Is Right to Work "Anti-Union"?

The National Right to Work Legal Defense Foundation is not an "anti-union" or "pro-union” instance but focused on the perpetuation of individual freedom to work. The Foundation is committed to the right of all U.S. workers to be free of compulsory unionism abuses.

While some labor groups and employment rights groups are opposed to ‘Right-to-Work’ laws, workers’ right to elect union membership is valid. Coercion is not a “right” and therefore, compulsory union membership considered to be a violation of constitutional rules, despite concerns about free riders. ‘Right-to-Work’ state legislation is meant to protect the worker from coercion, while mandating “agency fees” in most cases to cover non-member obligation to pay for benefits such as on the job protections and higher wages, without assent to fee agreement as a “member” part of union collective bargaining activities.

How Compulsory Unionism Affects Government Policy

In government policy, the Tax-and-Spend rules of the U.S. Congress are granted coercive powers to collect a proximate $4.5 billion in compulsory dues per year. Much of those monies are channeled into unrestricted campaign activities associated with the control and the election of congressional majorities who are in turn, committed to increasing taxes, as well as government spending.

Exclusive Representation Defined

"Exclusive representation" is the sole privilege of unions to represent workers under federal law; empowering union officials in collective bargaining and representation of all workers in a company’s or other bargaining units. Where ‘Right-to-Work’ laws do not apply, "compulsory union representation" is possible. States allowing for compulsory union representation, say, proponents of ‘Right-to-Work’ legislation, deprive workers of their rights. The right to bargain independently, suggests these advocates of ‘Right to Work’ policies, is, in fact, a fundamental constitutional right. Union officials demanding exclusive representation of all workers in a jurisdiction may exceed their bargaining rights, forcing employees of certain industries to pay dues for representation they do not want.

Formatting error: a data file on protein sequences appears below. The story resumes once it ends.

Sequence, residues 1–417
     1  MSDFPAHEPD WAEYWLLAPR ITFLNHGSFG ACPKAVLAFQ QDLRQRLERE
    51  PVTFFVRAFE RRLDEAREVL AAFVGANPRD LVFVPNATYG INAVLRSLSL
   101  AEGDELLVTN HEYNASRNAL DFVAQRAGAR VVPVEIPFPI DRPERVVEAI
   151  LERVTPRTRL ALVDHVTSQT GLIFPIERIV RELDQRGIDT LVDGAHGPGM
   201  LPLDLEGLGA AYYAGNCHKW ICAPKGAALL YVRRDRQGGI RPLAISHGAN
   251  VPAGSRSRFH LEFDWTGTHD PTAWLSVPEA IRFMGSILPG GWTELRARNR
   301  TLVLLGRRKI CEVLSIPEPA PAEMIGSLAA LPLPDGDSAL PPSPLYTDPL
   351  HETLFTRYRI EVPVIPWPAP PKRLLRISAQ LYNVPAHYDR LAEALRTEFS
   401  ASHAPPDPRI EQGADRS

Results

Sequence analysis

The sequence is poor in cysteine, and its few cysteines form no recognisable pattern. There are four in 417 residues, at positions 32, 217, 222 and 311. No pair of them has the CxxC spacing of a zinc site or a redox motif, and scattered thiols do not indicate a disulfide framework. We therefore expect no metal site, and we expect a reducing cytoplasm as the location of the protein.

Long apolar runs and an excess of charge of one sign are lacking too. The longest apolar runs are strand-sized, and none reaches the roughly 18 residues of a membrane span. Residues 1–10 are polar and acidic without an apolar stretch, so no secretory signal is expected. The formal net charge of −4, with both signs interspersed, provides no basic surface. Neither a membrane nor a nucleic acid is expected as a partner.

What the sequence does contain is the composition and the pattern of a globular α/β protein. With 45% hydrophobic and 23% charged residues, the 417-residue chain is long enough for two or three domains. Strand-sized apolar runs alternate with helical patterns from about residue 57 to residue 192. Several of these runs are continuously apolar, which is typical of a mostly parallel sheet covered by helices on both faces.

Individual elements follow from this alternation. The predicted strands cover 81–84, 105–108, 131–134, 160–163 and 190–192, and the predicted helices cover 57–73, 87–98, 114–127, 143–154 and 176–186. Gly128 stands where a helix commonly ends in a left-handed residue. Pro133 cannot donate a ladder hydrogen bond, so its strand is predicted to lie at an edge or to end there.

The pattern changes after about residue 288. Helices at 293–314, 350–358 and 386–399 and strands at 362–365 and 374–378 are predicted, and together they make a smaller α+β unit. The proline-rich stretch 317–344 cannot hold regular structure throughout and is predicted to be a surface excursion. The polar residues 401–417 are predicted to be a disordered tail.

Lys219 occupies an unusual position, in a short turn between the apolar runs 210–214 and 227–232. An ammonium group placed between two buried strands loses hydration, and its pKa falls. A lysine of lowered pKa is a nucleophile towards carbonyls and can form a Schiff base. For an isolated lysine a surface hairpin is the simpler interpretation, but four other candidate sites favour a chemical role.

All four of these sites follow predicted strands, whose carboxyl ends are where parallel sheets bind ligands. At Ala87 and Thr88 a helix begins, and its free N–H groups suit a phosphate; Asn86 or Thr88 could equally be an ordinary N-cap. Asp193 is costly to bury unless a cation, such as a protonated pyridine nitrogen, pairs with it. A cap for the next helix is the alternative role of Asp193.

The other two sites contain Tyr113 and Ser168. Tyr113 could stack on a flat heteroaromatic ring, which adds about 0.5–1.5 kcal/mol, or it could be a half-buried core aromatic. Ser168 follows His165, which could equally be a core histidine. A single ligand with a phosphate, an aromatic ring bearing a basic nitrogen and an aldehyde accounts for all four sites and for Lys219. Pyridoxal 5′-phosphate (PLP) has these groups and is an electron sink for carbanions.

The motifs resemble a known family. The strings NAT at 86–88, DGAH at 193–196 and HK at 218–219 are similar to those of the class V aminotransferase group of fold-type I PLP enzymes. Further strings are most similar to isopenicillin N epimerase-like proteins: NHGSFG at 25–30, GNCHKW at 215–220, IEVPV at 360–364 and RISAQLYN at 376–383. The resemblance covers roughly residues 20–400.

What Rights do Employees in Non-Right to Work States Have?

There are specific employment rights not addressed by federal ‘Right-to-Work’ legislation. In some states, it has been established that the precedent of U.S. Supreme Court rulings applies to workplace rules to unionization. Employees can elect to join a union, and union members can resign union membership. Non-members are only obliged to pay proportionate agent fees for amortized by bargaining costs. Non-members may not be obliged to pay fees where those dues have not been articulated by the union. Workers with religious beliefs preventing membership and payment of union dues, have rights to protection under the law.

What Effect Does a Right to Work Law Have on a State’s Standard of Living?

The National Right to Work Committee reports that ‘Right-to-Work’ states have a better standard of living than those not incorporating this aspect of federal legislation. Families in ‘Right-to-Work’ states have higher after-tax income and spending capacity than do their counterparts in states not recognizing the same rules. Economic vitality reflects the benefit of ‘Right-to-Work’ states, according to the Department of Labor statistics, reporting higher growth in the manufacturing and the nonagricultural sectors, with lower unemployment rates and fewer strikes due to union disagreements.

Who is Covered Under 'Right-to-Work' Laws?"

‘Right to work’ rules vary by state and cover employees of private employers. Exempted are most federal employees, and airline and railroad industry workers.

Where can I Expect to Encounter ‘Right-to-Work’ Laws in the Workplace?

Workers encounter ‘Right-to-Work’ laws when being hired for a job; contacted by a union organizer; organizing a union or negotiating union contract, or; union dues are deducted from a paycheck.